Of course, not all information will be hard to access. Those who have the money to pay for extra bandwidth will have no problem getting their message out to the public. We will all rest easier knowing that Rupert Murdoch and rich Saudi extremists will be able to buy the internet at last.
  • by hey! (33014) on Sunday May 27, 2007 @08:33AM (#19291239) Homepage Journal
    How do you stop eating so many bacon cheesburgers and more salad? You start liking salad more. How do start liking salad more? You start eating it more.

    People's behavior is not linear. It's non-linear. There are many instances of positive feedback phenomena, so you can't use a simplistic cause/effect model. If people were given more information about civil rights curtailment, they'd be more interested. Right now it's foreign to their experience.
  • by evought (709897) <evought@@@pobox...com> on Sunday May 27, 2007 @12:50PM (#19292811) Homepage Journal
    Yes, and to emphasize LordVader's comment, there is no guarantee their model is the correct one. If there is a large range of probable input parameters which was does not show the observed output, then it is likely that the *chosen model* is not the correct one. Perhaps the theory can be improved to not be as sensitive to inputs. More work can be done to show that those inputs are correct (for all three cases). Other theories or models can be developed which better explain the phenomena. Choosing your parameters to match the observation is not bad for a first step, but it is not an ending point for good science.

    There is no reason to believe the assumptions underlying their models, and therefore, no reason to believe its output, that the impact lead to total collapse. Obviously, the building *did* collapse, but given that they were tasked to find out *why* means that the anthropic principle does not save their model. By succumbing to laziness, they completely ignore other causes or possible contributing circumstances:

    1) Were there unexpected failures of design redundancies and over-engineering? Why did the design models fail? How do they need to be corrected?

    2) Were there substandard materials or technologies present in the building? Were these materials properly installed and inspected? (FEMA did bring to light issues with the foam, but even they did not believe it was a major contributor) Who might have been responsible? How can the system be corrected to prevent this?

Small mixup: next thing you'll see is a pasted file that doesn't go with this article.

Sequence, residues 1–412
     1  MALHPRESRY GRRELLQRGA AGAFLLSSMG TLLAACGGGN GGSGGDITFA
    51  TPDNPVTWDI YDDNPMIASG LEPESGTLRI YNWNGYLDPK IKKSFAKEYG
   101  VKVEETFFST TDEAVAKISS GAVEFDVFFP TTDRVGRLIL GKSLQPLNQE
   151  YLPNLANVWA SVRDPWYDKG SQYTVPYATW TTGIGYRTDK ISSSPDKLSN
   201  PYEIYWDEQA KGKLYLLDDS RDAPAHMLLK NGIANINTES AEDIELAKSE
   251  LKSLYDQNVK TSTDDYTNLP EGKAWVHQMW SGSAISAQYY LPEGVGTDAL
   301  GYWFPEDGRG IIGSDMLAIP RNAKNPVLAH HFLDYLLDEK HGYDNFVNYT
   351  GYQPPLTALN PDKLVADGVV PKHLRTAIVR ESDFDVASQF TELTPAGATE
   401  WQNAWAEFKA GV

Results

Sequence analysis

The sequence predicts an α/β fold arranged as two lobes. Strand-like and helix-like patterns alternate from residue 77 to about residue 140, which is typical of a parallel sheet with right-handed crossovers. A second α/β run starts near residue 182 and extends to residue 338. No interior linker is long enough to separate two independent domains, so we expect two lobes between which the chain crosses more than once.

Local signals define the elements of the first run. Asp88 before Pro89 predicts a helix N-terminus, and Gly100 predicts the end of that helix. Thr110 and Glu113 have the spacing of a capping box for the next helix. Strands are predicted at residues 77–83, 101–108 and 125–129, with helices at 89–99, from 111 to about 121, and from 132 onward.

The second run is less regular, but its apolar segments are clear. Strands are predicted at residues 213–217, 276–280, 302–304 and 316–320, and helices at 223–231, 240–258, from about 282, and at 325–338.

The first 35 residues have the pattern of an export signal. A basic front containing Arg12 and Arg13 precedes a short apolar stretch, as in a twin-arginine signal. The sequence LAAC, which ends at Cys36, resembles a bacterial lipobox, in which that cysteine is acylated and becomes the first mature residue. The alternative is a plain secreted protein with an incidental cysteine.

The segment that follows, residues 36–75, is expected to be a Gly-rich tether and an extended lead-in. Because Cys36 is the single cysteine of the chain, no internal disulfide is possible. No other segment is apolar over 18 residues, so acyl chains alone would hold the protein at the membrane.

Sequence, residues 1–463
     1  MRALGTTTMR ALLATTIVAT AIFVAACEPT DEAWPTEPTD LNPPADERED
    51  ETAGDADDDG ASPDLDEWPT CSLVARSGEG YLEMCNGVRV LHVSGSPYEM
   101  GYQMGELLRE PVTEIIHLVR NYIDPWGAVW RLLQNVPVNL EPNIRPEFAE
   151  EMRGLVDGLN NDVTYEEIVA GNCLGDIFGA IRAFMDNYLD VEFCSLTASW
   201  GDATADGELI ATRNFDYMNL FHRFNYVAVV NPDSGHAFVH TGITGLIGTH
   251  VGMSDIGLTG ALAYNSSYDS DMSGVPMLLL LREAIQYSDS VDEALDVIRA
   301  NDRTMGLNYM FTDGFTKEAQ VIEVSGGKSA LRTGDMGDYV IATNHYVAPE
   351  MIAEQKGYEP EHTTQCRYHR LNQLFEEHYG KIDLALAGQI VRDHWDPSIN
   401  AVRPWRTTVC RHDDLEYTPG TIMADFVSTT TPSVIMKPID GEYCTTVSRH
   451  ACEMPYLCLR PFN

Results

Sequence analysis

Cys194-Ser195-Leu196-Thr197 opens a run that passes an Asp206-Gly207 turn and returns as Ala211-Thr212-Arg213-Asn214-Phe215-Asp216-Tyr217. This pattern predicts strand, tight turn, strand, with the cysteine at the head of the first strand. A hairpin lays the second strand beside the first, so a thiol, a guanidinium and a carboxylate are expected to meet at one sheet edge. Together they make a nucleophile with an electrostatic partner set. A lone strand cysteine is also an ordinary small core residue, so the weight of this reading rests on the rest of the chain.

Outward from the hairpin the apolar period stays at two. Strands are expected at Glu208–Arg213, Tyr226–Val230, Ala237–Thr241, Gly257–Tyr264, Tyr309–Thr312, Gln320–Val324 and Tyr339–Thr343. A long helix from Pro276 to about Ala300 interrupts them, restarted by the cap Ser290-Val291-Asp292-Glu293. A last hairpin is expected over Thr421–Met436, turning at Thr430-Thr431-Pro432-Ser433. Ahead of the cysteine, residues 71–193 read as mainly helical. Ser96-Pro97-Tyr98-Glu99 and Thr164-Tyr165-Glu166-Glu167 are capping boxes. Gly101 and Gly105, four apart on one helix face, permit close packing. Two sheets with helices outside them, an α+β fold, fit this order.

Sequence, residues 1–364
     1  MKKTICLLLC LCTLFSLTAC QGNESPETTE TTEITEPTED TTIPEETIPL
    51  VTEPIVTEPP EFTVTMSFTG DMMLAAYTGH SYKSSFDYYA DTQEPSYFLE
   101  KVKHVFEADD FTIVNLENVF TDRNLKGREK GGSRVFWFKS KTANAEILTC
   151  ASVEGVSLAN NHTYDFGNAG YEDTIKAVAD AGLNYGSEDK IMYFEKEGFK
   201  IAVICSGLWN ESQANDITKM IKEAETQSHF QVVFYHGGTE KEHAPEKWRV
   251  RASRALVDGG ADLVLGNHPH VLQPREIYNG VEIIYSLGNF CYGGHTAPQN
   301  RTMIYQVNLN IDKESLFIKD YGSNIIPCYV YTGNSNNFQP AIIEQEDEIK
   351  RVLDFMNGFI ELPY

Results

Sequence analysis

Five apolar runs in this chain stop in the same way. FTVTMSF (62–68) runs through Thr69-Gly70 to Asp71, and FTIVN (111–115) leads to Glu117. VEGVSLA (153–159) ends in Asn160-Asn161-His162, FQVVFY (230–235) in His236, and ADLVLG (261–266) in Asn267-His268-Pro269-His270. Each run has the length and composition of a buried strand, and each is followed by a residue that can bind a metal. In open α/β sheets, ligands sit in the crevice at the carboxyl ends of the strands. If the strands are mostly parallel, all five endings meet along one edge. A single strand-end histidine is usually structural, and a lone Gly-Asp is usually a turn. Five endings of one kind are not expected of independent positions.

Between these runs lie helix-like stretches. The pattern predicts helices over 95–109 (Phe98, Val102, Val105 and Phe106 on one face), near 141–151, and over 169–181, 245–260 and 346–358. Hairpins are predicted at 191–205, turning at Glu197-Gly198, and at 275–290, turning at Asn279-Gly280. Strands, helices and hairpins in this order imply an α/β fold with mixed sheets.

3) Did materials or technologies age, weather, or corrode in an unexpected fashion? Were they recently inspected? What does this mean for new building structures? (debris could have been examined for signs of corrosion or other problems)

    4) Are there signs of other kinds of sabotage beside the obvious? Did the attackers take steps to maximize damage? (e.g. a basement bomb timed to coincide roughly with the impact, sabotaging fire-suppression systems, etc.)

    These are not "extra credit" questions. They go to the core of what NIST was tasked to do and are largely unanswered. In many cases, the answer would have been "no," but clearly something had to be "yes." The building was designed with enough over-engineering, for instance, that the trusses could have magically disappeared and the building(s) should have supported itself between the core, the outer frame, and the cross ties. NIST only supposes that some load bearing members were materially weakened. The core itself should have stood no matter what the rest of the building did. Something caused the building and/or design to fail; it was their job to investigate.

    As an aside, there is a barn in a pasture near here that has been abandoned for quite a while. It is a two story oak structure. The external load bearing members are completely rotted. They don't even touch the foundation any more. The entire barn is supported by a one-story interior wall which holds up the sills for the second floor. The sills, in turn, hold up the planking, the second floor walls, the roof, and hold the first floor suspended above the ground. It's been like that for years apparently. I had bets that it was going to fall this winter, but it is still there. It is amazing what a little over-engineering will do.